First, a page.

Oh yeah, about one of those holes. You know, the one at first base? After his “down” 2011 (only four wins so far), will Albert accept $25 million or less a year (or at least that amountin 2012)? If not Albert, how about Prince Fielder?

Things are just heating up, morans.

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Matt Klaassen reads and writes obituaries in the Greater Toronto Area. If you can't get enough of him, follow him on Twitter.

26 Responses to “The Meaning of Wainwright’s Option”

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  1. Moran says:

    You mistake Wainwright for Carpenter twice. Who’s the moran now?

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  2. Andrew says:

    If you’re paying attention, you’d know the Cardinals will probably restructure Carpenter’s option into a cheaper AAV for two years.

    Not sure how “everything” would have to go right for Wainwright to replicate a 4-win season. With Wainwright’s recovery progress, I wouldn’t expect any drop off caused by the injury at least.

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    • Hmm… I didn’t mean it to sound like an unrealistic expectation. Maybe I’ll reword it.

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    • AJ says:

      I assume you mean Wainwright and pulled a Klaassen? How would that conversation go?

      Mozeliak: Well Adam, we gave you a two year option. Who wouldn’t want to be a Cardinal for life? We’re thinking of not picking up the option unless you agree to lower the value of it. So, why don’t you do that and show the best fans in baseball your commitment to them?
      Wainwright’s agent: Adam has been a pretty huge badass over the last two years. You sure you want to let him hit FA?
      Mozeliak: Well, he might not be able to play for the best fans in baseball. And he has been hurt all year. And we need to sign Pujols too. And Tony is a little worried about his want to.
      Wainwright’s Agent: We aren’t restructuring. Good luck. ::click::

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  3. Anthony says:

    At what age do you normally start knocking off 0.5 wins for a guy? 30?

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    • Generally 28 at the very latest. Personally, I would start at 27 for hitters and earlier than that for pitchers.

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      • Anthony says:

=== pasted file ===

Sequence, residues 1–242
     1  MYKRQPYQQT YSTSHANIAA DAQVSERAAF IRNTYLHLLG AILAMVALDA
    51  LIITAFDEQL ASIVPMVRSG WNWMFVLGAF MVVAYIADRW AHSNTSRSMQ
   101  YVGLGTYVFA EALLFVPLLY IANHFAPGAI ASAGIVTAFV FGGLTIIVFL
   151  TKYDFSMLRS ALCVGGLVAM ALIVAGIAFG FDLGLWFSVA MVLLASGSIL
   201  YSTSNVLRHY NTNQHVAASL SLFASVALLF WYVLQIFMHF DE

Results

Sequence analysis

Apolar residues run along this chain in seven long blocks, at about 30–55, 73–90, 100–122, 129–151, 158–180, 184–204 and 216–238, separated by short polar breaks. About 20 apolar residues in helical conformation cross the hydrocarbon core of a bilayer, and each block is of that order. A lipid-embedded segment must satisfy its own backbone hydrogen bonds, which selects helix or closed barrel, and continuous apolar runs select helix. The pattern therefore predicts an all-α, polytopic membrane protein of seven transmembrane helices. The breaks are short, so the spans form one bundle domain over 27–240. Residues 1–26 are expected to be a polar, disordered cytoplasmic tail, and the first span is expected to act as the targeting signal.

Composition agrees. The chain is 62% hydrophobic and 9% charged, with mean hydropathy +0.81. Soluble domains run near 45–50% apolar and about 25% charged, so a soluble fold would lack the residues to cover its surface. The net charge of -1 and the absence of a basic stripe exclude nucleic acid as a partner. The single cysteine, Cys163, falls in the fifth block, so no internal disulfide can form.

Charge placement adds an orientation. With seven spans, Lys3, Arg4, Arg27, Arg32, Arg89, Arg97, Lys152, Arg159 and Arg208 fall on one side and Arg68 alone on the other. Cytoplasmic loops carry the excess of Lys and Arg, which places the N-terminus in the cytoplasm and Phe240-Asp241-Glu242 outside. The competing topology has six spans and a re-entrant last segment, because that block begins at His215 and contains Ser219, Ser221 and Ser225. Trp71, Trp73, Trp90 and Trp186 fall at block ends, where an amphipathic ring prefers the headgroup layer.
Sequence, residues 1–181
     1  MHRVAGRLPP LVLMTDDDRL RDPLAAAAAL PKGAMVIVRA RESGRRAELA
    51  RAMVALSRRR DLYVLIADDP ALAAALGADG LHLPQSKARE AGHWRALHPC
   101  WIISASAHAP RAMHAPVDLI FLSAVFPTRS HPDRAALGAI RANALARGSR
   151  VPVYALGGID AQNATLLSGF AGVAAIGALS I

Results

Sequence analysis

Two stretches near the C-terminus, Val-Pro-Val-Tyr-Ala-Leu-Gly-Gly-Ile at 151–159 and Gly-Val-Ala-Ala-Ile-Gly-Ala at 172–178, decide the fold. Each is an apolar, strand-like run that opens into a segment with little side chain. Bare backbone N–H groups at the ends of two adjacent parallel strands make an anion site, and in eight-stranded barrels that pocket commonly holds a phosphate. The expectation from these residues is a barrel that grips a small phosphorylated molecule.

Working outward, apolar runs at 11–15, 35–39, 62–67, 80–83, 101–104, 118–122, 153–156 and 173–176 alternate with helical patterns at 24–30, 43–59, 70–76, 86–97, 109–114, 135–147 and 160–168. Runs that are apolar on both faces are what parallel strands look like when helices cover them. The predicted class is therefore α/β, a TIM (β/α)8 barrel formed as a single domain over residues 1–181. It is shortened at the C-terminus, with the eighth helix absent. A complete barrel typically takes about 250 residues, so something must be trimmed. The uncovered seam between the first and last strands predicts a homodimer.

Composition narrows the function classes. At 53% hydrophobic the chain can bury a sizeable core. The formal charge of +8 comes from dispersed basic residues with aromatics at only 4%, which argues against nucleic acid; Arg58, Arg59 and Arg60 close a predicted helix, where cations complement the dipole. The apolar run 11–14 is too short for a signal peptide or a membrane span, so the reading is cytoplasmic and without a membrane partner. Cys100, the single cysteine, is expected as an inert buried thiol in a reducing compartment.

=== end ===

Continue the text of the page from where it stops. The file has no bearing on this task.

Does it vary much based on a guys particular skill set? ie. speed vs. power guys?

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      • miffleball says:

        By that standard, shouldn’t there be no ‘all-star’ quality players anymore by 32? After all, even a 6 WAR hitter at 27 is down to 3.5 WAR by then. Just looking at the leaderboards, does this actually hold true? Bautista is 31, pedroia 28, votto 28, granderson 30, victorino 31, a gonzalez 29, holliday 31. were these guys all 9 WAR players once upon a time?
        how about halladay, at 34, shouldn’t he be a 1 WAR pitcher by now (or verlander at 28, CC at 31, weaver at 29, haren at 31, lee at 33 all be on the back side of their careers instead of among the top 10 pitchers in baseball?)
        aren’t the aging curves based on anyone who has been in the league and not specifically on guys who’ve had 10-15 year careers (i don’t know where the right place specifically to draw the line is)? after all, if wainwright was the second best pitcher in the NL for 2 years, isn’t he analogous to a very elite group of players and therefore should be compared to them when guessing how he (or someone else in his category) should age instead of comparing them to the matt murton’s of the world?

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      • CircleChange11 says:

        Great question miffleball.

        I’d be interested in that answer too.

        I wonder if a lot of the studies regarding aging curves were further back than 20-30 years ago.

        I ask because NOW baseball players value strength training and conditioning, and the surgery and recovery available is amazing, while the workload is stable/decreasing.

        In short, I’m wondering if the genetically gifted will be able to sustain performance longer than the days of Willie Mays and Joe Morgan.

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  4. CircleChange11 says:

    [Gotta love the Cardinals fans seeing him putting up a career-high seven wins in 2011. I can just see the Best Fans in Baseball filling out their projections, peering at their laptop, thinking about all the morans who don't know how to project players.]

    Gimme a break.

    Are we talking about projections for Carpenter or Wainwright?

    Cardinal fans projected 7 WAR for AW50, who put up 5.7 in ’09 and 6.1 in ’10? That’s optimistic for certain, but not ridicule worthy.